In earlier times, in India for example, President Sarvapelli Radhakrishnan apparently retained only a token sum of one rupee of his salary, returning the rest to the Treasury. In a similar spirit, in the recent past, President Abdul Kalam had paid to the last paisa the cost of the sojourn of his close relatives at the Rashtrapati Bhavan whom he had invited for his installation as President.
Idea simple, action doable
Prime Minister Modi of India, known for his many breaking, innovative ideas, has implemented one that has been quite successful. After providing a free gas cylinder (used for cooking) to many millions of poor households, he made an appeal to those who felt that they could forego the subsidy on the liquefied gas to do as a voluntary gesture so that the country could then extend the coverage to even more poor households. His appeal was heard, and millions have given up the subsidy.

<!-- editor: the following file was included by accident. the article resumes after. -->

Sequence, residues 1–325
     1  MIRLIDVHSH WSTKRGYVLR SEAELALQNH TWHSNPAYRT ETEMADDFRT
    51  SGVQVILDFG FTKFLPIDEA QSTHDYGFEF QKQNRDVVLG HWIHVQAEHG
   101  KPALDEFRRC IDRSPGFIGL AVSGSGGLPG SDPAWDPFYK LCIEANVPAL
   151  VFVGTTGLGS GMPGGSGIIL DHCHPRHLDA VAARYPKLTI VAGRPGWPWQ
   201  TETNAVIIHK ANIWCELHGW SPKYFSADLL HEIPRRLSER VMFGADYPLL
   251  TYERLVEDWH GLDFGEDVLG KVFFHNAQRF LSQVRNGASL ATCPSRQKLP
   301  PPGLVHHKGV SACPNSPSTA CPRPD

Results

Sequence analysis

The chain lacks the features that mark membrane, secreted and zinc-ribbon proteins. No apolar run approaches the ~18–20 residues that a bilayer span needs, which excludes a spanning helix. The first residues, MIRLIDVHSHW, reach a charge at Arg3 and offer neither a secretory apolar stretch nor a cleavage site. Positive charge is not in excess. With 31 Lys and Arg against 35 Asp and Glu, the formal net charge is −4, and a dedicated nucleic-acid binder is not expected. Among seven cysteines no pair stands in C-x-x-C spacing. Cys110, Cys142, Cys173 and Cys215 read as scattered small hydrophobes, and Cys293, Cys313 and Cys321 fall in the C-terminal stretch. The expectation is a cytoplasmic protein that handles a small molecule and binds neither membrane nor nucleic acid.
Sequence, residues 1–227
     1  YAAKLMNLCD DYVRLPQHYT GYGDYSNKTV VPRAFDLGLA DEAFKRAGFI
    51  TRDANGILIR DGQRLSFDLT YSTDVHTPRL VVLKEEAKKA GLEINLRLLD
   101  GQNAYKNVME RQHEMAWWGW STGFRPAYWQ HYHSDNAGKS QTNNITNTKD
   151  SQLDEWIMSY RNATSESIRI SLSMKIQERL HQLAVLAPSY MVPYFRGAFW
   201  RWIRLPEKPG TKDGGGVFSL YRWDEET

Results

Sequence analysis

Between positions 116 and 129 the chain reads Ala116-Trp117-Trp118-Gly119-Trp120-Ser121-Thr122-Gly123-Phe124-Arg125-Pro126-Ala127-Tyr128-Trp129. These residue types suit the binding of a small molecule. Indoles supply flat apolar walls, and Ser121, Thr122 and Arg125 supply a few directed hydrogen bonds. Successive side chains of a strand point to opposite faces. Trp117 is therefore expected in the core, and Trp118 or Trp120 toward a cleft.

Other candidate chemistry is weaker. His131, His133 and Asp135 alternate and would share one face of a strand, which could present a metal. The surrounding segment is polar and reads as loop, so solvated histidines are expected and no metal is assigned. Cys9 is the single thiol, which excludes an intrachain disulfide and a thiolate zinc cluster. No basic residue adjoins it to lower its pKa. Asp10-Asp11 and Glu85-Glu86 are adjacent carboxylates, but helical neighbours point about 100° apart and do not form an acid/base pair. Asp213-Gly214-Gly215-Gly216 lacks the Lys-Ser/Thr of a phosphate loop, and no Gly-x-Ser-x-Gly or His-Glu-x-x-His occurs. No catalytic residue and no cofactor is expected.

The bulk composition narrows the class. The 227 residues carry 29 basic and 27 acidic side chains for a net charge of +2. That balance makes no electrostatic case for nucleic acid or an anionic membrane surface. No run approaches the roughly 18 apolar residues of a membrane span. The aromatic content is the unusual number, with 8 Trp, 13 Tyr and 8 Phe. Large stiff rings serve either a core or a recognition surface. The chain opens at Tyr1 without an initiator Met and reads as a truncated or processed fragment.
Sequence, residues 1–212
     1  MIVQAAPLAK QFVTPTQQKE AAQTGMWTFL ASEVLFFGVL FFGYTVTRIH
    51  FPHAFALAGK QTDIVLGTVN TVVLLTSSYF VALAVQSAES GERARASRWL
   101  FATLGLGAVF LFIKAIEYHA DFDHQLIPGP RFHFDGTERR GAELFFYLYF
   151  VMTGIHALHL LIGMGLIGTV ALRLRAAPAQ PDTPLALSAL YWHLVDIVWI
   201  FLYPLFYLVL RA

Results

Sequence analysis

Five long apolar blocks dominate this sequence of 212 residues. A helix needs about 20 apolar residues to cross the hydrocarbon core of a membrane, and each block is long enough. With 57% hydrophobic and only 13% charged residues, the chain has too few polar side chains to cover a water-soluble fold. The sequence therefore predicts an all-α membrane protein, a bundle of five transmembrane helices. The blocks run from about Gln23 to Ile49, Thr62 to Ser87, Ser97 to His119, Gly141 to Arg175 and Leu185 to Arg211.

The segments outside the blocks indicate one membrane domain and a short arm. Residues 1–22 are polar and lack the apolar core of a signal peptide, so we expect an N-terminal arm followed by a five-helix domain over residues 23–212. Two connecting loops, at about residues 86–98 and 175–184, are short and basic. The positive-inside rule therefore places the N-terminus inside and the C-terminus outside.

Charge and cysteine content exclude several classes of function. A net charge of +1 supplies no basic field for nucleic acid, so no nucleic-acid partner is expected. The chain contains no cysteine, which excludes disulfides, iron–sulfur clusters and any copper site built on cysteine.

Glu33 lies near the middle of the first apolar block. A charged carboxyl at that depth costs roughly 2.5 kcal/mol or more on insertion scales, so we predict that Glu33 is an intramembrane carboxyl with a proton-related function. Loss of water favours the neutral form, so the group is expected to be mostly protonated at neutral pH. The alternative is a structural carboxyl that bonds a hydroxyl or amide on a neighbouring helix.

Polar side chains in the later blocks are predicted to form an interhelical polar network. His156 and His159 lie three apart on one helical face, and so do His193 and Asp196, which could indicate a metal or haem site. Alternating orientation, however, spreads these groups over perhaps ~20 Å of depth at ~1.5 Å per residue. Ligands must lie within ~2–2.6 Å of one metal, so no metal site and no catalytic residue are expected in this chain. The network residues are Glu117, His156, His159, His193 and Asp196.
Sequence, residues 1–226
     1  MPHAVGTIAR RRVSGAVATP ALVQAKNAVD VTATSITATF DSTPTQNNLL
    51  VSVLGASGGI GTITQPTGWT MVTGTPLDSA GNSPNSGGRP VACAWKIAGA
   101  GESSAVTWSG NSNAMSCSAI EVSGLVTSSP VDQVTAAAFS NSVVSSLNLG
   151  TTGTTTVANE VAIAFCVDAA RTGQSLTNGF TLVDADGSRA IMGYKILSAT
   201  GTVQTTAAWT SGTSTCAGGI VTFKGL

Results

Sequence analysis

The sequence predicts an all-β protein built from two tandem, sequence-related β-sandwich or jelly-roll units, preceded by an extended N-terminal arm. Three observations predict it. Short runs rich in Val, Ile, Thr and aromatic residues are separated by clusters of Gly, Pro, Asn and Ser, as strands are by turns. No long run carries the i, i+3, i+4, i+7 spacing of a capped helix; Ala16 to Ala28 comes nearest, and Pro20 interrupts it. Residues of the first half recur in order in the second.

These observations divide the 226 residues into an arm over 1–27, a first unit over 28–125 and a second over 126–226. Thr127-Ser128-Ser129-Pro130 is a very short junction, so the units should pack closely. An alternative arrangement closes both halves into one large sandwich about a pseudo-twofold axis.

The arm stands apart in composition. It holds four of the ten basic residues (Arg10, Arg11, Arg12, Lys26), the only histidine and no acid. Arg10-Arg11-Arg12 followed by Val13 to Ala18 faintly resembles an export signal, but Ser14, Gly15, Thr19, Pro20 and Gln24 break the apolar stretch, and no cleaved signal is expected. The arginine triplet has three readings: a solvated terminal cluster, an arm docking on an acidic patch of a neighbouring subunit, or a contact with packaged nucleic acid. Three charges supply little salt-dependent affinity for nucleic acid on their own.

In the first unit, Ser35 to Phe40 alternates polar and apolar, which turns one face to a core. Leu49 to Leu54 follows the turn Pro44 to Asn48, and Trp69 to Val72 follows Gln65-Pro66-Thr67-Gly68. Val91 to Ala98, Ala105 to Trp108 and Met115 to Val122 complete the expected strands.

Based on this and the Lebanese President’s proposal (though the latter is yet to be accepted – the people are asking for no less than the government’s resignation), an idea came to my mind after I had seen a reportage of Top-TV a couple of days ago. It was about a young woman who had been regularly abused by her father since the age of twelve, after her mother had passed away. After this exposure by the Top-TV team, the father has been arrested and the girl with her younger sister have been taken charge of by the concerned ministry. The Top-TV team added that they have exposed 4000 such cases to date, and helped them out – and so far this year they have handled 1500 cases.